In August 2017, the European Space Agency (ESA) issued a Call for Ideas for Research Opportunities on the Deep Space Gateway. Different responses to this Call were presented and discussed at a workshop held at the European Space Research and Technology Centre (ESTEC), in Noordwijk, The Netherlands, on 5 and 6 December 2017.
The Deep Space Gateway is an initiative led by the current International Space Station partners: ESA, NASA, Roscosmos, JAXA, and CSA. It will be a crewed spaceship in lunar vicinity, being operated during the 2020s. The environment found in the vicinity of the Moon is representative of deep space, and first-class research can be done in this area. In addition, the gateway could be an enabling infrastructure for human and robotic missions that access the lunar surface and return samples and eventually people to Earth. More information can be found in ESA - exploration of the Moon.
Some of the presented works focused on the UV research that can be done from the vantage point of the Gateway. Signs of water were seen in both infrared and ultraviolet spectroscopic measurements using NASA LCROSS, and the exact origin of water in the lunar interior is still a big question. Some proposals discussed during the sessions aimed to extend these measurements, such as the L-DART project. Other ideas focused on how to better understand the involved lunar processes by analysing the transport of a volatile through samples of soil simulates. Some other projects were devoted to observe the Earth as an exoplanet, such as LOUPE.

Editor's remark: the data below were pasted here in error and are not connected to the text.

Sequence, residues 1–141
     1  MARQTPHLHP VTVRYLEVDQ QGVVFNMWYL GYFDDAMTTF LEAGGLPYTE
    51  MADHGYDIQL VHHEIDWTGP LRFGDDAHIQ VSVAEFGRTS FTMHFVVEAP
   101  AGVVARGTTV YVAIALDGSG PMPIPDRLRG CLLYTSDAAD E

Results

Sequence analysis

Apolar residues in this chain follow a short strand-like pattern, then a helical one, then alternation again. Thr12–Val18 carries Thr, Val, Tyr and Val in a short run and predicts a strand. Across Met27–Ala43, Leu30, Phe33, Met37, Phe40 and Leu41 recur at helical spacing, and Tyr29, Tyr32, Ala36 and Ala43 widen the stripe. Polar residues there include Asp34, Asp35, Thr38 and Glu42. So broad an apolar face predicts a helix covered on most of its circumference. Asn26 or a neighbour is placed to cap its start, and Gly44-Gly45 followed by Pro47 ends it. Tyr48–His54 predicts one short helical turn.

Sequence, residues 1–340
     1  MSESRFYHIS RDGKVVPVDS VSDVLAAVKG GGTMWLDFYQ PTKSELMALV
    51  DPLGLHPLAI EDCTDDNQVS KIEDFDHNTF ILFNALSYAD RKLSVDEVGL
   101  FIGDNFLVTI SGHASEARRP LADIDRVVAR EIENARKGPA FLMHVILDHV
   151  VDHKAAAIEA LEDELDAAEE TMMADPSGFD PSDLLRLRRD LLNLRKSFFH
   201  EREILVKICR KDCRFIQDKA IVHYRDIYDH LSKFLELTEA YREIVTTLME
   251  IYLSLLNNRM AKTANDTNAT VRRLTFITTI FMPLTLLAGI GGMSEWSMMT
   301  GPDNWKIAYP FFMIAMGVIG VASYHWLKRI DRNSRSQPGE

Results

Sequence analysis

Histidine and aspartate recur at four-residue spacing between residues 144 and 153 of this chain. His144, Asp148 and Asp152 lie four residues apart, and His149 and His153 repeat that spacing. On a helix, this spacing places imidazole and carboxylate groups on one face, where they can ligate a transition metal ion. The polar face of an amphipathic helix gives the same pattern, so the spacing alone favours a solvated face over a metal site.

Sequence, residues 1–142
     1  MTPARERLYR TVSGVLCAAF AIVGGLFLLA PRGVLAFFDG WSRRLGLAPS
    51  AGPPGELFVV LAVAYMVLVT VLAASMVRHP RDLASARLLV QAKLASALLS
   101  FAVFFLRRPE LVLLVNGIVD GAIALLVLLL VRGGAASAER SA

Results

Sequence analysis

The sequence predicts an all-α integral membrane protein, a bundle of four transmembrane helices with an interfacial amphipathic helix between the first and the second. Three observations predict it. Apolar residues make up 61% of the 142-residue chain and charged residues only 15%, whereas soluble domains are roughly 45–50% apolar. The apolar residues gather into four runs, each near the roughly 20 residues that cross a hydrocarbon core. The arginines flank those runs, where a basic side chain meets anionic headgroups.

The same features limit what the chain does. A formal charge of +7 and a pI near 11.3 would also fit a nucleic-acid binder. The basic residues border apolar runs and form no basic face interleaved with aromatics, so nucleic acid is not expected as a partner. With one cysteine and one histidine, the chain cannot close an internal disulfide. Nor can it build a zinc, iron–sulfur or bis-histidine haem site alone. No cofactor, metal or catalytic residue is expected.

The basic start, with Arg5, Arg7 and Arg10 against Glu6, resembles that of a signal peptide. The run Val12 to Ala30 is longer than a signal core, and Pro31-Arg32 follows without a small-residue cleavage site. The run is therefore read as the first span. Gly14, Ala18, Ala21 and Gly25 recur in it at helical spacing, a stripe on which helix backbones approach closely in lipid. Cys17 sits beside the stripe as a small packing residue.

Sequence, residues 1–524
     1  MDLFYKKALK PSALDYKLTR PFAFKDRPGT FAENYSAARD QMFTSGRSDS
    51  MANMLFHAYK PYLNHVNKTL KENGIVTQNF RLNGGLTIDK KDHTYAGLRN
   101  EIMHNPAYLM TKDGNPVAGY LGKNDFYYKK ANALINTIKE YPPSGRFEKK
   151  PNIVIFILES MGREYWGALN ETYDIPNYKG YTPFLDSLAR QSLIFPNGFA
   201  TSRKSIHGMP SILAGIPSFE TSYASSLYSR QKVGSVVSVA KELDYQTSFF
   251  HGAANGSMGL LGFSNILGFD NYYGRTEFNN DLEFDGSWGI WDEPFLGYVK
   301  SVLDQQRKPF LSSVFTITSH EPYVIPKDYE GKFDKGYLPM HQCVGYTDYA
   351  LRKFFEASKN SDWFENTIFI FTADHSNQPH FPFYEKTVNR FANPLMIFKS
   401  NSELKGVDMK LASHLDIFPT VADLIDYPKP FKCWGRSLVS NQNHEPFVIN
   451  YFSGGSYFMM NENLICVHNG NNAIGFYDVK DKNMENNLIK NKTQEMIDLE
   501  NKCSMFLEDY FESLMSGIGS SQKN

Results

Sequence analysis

The AEGORA team presented a proposal for using the Deep Space Gateway for UV exploration. This proposal is based on the deployment of a UV telescope integrated inside a 8U cubesat. The project aims to determine the distribution of neutral gas in the Earth exosphere and to observe the surface of the moon in UV range, sharing many synergies with other ongoing UV projects, such as WSO-UV mission or studies for UV facilities such as LUVOIR/POLLUX or CETUS.
This cubesat-bsased UV telescope may observe the Earth as an exoplanet (UV observations of atmosphere), aiming to understand the physical processes driving the formation and evolution of planet exospheres and magnetospheres. This telescope may also detect extended features against the heliospheric ultraviolet background: comets, dust clouds and HI filaments. Finally, the UV telescope may measure variations of surface ice and frost in the moon polar regions (as well as presence of dust clouds and plumes) through differential measurements of the Ly-alpha emission variability.
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